The Department of Health has reported 7,411 new cases of Covid-19, the highest daily total since January. The number of patients being treated in hospital was 390 as of 8am on Thursday, it said, with 98 in ICU.
The latest number of cases recorded is the third highest for a single day since the pandemic began.
The record of 8,258 cases was recorded during the second wave on January 8th this year. There were 7,861 recorded two days previous to that.
The high numbers declared are not a surprise given that there were more than 9,192 swabs today from 37,703 tests, a very high positivity rate of almost 25 per cent.
Tanaiste Leo Varadkar had predicted last week that the highly transmissible Omicron variant will result in record number of cases.
“It’s not possible to stop it, it’s here already, it’s dominant, and we will see record case numbers in the coming days,” he said.
“There will be very high case numbers and hopefully we won’t be too afraid to see that because this is a much more transmissible strain of the virus and we will see very high case numbers.”
There has also been a record level of testing with 233,813 tests carried out in the last week.
Unlike in previous surges, numbers in hospital and ICUs have not increased substantially despite persistently high positive cases.
Hospital numbers fell sharply overnight from 429 to 390 and the numbers of Covid related cases being treated in ICU fell by one from 99 to 98.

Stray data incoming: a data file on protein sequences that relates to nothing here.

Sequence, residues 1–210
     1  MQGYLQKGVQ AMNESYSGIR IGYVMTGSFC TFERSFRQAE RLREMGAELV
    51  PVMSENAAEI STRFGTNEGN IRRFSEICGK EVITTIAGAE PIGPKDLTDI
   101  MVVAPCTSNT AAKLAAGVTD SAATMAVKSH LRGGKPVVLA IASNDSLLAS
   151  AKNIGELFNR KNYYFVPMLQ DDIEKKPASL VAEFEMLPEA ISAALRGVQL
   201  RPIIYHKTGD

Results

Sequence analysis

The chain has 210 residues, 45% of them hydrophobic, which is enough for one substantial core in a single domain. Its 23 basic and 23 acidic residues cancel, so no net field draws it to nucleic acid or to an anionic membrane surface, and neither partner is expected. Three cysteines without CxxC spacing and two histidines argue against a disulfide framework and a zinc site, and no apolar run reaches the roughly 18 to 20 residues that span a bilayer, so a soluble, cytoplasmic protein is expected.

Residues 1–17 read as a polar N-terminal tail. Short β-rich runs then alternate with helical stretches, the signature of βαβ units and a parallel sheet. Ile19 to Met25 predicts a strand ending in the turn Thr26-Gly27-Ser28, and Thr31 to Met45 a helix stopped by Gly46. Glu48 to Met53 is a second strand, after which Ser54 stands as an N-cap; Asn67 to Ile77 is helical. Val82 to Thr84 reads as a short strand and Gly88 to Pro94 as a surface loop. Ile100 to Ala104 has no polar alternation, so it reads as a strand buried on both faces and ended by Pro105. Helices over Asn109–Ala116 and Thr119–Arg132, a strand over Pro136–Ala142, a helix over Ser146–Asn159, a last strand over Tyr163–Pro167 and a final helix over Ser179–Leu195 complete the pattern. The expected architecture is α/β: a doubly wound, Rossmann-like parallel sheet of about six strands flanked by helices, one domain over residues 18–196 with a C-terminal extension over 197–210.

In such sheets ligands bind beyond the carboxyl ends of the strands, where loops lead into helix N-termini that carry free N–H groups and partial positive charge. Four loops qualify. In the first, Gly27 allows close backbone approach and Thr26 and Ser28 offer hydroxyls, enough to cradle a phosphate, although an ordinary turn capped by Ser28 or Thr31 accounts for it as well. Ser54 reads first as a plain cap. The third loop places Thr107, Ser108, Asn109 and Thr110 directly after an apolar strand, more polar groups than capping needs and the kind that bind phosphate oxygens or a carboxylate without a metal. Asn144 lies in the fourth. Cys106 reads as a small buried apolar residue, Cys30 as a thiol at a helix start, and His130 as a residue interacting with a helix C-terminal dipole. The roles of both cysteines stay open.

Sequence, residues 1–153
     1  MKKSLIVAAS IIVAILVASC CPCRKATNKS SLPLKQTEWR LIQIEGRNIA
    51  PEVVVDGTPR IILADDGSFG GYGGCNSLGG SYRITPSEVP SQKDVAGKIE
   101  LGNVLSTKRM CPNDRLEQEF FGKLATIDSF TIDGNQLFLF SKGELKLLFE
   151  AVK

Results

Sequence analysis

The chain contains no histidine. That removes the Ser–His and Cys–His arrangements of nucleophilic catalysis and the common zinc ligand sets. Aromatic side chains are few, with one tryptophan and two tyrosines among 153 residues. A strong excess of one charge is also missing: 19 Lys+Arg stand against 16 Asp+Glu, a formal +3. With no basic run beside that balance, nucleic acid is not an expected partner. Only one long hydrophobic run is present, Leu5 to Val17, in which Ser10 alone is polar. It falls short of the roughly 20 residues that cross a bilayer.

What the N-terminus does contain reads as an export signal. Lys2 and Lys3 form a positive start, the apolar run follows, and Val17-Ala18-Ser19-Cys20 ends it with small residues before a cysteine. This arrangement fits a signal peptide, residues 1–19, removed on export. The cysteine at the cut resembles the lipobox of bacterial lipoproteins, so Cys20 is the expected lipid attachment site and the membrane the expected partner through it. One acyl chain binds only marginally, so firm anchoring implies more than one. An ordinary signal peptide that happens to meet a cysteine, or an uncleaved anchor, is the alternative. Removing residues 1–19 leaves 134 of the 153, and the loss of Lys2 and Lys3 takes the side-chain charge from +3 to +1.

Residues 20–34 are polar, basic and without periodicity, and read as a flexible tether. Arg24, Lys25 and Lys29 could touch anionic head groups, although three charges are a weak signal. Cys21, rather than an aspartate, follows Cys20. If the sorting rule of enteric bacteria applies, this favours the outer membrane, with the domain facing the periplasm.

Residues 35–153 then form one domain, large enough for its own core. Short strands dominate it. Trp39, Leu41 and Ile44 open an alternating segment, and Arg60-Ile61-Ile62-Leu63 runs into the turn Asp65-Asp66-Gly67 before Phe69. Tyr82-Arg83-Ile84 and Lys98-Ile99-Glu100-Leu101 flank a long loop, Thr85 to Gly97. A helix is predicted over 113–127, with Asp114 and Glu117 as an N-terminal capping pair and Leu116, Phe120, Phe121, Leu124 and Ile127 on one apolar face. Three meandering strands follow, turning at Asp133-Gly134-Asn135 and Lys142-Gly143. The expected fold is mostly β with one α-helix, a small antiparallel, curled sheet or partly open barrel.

There have already been more than 100,000 cases so far in December with eight days left in the month.
Both medical experts and leading political figures have suggested that the daily number of cases being diagnosed will continue to rise with the expectation being that it will top 10,000 over the coming weeks.
Positive findings in a number of early studies of the effects of the Omicron variant have however prompted some optimism that the numbers of people requiring hospitalisation or treatment in ICU will not rise accordingly.
Nevertheless, the HSE’s chief clinical officer, Dr Colm Henry, said earlier on Thursday that even though early indications were that there was a reduction in hospitalisations from the Omicron variant, it was still unknown what level of hospitalisations would be likely to need intensive care treatment.
Dr Henry said there was some initial cause for optimism based on reports from South Africa that indicated the Omicron variant caused less severe symptoms. But the newer data had to be scrutinised, he said.
Efforts by the public in recent weeks had helped stabilise figures, but the numbers were going up again because of the Omicron variant, he warned. “We’ve learned a hard lesson about not acting early.”
Reports in the UK and Denmark had also provided some encouraging numbers with regard to Omicron but in each instance the authors made it clear that the findings were of a preliminary nature and that more time and analysis are required to establish a fuller picture of the variant’s likely impact.